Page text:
Especially if you as a manager should moderate a retrospective, actively encourage team members to take over the moderation of retrospectives. Or create a pull effect - after all, this is how we actively invest in the further development of moderation skills (not just retrospectives).
Tip 2 for moderating a retro: Prepare the stage with the check-in
As a moderator, you should take an active role, but that doesn't make you the main actor in retro. At least you shouldn't be. Your task is to stage team members as actors and to prepare them for the stage.
In this sense, the check-in acts as a warm-up. So make sure that everyone is actively involved in the check-in and that there is a positive atmosphere in the conversation. If you successfully complete this step, the further course of the conversation will moderate itself.
Here are a few examples of check-in questions that you can use to get started with retro:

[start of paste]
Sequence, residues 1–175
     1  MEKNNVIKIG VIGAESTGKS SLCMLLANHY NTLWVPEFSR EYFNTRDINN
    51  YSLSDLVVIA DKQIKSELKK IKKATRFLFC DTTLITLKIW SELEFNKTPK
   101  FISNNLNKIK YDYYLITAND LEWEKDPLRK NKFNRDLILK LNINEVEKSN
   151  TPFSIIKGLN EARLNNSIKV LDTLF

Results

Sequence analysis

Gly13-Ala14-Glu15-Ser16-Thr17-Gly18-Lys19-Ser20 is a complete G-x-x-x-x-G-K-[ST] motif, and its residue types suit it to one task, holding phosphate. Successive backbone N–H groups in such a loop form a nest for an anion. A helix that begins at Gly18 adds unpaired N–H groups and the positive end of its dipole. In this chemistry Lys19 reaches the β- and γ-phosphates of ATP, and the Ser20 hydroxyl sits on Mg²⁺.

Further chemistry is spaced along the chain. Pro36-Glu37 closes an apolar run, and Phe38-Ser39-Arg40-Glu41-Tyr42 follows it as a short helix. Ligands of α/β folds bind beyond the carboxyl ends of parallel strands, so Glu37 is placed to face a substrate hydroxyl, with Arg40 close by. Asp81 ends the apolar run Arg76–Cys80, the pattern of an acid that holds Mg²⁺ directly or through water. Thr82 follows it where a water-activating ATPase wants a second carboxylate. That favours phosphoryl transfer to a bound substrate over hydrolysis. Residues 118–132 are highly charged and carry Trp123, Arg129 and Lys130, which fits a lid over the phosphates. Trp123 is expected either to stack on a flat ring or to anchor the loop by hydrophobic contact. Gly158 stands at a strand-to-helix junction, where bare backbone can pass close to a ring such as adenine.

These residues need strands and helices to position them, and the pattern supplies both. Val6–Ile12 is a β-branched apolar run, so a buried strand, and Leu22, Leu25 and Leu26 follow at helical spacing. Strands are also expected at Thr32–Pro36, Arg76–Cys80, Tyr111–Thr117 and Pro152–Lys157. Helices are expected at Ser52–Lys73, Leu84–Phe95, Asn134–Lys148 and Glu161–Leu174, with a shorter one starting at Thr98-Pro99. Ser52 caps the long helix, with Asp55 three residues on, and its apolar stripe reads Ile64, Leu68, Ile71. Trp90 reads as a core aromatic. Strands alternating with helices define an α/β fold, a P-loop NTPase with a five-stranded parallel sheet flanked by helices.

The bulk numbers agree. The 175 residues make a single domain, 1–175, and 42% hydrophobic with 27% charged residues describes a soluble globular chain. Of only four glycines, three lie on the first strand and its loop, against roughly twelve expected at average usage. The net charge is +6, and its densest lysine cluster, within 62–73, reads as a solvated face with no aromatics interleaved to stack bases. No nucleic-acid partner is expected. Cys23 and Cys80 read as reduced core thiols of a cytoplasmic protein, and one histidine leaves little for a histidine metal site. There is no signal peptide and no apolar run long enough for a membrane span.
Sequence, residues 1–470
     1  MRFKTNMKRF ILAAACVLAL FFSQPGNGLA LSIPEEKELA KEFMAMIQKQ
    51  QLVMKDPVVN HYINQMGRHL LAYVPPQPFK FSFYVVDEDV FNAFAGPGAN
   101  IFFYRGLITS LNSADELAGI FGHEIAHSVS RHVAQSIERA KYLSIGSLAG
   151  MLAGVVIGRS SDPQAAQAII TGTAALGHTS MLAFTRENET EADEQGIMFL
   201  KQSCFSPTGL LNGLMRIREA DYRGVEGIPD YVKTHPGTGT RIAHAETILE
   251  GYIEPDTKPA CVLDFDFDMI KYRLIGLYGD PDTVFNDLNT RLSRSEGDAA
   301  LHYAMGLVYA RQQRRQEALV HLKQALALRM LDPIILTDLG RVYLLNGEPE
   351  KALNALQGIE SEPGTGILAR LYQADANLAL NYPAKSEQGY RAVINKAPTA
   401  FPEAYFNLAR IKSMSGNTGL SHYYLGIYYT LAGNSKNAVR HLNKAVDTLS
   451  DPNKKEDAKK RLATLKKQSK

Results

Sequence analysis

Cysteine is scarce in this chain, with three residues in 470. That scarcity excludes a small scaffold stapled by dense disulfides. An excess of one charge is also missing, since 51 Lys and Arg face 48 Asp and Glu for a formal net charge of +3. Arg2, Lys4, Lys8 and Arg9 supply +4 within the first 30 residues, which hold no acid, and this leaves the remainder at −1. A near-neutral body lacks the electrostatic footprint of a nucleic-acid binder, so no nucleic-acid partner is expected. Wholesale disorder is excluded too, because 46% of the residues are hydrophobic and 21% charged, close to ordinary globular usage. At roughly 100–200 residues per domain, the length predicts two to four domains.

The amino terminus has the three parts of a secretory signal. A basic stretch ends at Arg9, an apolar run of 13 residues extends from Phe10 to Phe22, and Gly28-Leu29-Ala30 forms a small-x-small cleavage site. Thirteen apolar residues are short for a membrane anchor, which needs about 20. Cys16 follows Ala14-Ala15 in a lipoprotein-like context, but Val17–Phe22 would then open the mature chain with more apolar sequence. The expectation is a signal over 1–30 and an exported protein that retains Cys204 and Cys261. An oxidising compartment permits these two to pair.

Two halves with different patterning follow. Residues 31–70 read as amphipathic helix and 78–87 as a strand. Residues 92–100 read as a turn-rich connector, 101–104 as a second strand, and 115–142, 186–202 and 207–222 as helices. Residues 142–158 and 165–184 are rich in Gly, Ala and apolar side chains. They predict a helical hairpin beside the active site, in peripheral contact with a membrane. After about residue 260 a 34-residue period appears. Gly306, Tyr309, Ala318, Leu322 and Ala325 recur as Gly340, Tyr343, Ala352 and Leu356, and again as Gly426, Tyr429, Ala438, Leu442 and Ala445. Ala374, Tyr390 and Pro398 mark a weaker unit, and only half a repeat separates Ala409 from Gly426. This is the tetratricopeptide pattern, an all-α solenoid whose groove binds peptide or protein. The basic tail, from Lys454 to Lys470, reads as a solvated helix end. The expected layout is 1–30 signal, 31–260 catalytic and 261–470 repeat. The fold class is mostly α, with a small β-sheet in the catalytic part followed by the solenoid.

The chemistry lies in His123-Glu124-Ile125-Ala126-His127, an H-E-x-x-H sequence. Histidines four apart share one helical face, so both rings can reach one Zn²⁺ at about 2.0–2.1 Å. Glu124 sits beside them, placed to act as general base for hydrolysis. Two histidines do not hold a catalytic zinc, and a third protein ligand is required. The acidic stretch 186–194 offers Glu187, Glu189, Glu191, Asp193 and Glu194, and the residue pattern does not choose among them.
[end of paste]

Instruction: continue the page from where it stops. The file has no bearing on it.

- What is your high- or lowlight from last week?
- On a scale from 0 for bad to 10 for super - how are you feeling right now?
Otherwise, there are of course various check-in generatorsto inspire you.
Most Agile Coaches and Scrum Masters run in circles...
...fixing superficial symptoms. Time to use psychology to foster sustainable mindset change.
"We could be so much faster and better at delivery!"
"I would love to have an Agile Coaching Genius, who simply tells us how to deliver better.”
"Why does it sometimes take me hours to prepare a simple retro?"
"Many team members are afraid to speak up!"